This can be interpreted by clinicians as parents lobbying for antibiotics but from the nature of the questions observed and the interviews with parents, we can see that parents were seeking to understand more about the illness or suggested treatment. Pressure to explain may be experienced as pressure to prescribe, particularly in the time constrained context of UK primary care.
GP antibiotic prescribing
Where clinicians did prescribe antibiotics, they voiced concern about symptoms or signs, including chest pain, discoloured phlegm, prolonged fever, abnormal chest sounds, or pink or bulging ear drums, although few of these are good indicators of a bacterial infection.
This can influence parents to perceive these symptoms as indicative of a more severe illness that needed antibiotic treatment. Although parent communication practices may not have been associated with antibiotic prescribing in this UK study, clinician communication is an important influence on parent beliefs about RTI, which in turn drive high consulting rates for RTI in children.
Antibiotic prescribing for children with RTI in this UK study appears to be influenced mainly by clinicians’ reported interpretation of the symptoms and signs. However, there is clinical uncertainty about the prognosis for RTI in children and hanging over all clinicians is the dreadful prospect of missing a child who subsequently develops a serious or even fatal illness.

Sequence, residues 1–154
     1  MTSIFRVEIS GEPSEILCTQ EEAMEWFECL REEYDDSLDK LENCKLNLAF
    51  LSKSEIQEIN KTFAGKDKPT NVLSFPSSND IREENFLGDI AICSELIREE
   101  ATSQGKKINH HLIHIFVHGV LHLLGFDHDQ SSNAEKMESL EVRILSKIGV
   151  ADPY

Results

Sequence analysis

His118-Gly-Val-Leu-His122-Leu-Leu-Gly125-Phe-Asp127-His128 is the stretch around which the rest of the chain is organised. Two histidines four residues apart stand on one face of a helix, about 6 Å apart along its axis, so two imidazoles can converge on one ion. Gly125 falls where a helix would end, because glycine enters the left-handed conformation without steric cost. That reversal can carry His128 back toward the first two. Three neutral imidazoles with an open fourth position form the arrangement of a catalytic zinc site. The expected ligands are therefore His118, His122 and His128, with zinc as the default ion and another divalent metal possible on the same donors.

Clinicians feel it´s safer to prescribe antibiotics if there are any symptoms that might indicate a more serious infection.
This body of work enables us to see a well-intentioned but unfortunate positive feedback loop that contributes to high antibiotic prescribing rates for children with RTI. Uncertain parents bring their children for an evaluation.
Clinicians prescribe ´just in case´ and link this to common symptoms. Parents consult for similar symptoms in the future. Both are doing their best to ensure the health and safety of the child.
The over-prescription of antibiotics is a ‘wicked problem’ and will require a range of initiatives to tackle it.
What could help?
It may help if both parents and clinicians are better informed before the consultation. Information for parents can be limited or hard to find, so, in collaboration with parents, we compiled ‘Caring for children with coughs’ to address their key information needs.
We also created a short training video for clinicians to help them understand what parents are seeking from a consultation. A future intervention to improve communication within the consultation to try to weaken the feedback loop may also be needed.
This article was originally published in GP Online and is reproduced here with their permission.
The National Institute for Health Research (NIHR) ‘Signal’ about this research: Clinicians prescribe antibiotics for childhood respiratory tract infection based on assessment, rather than parental expectation. (October 2019).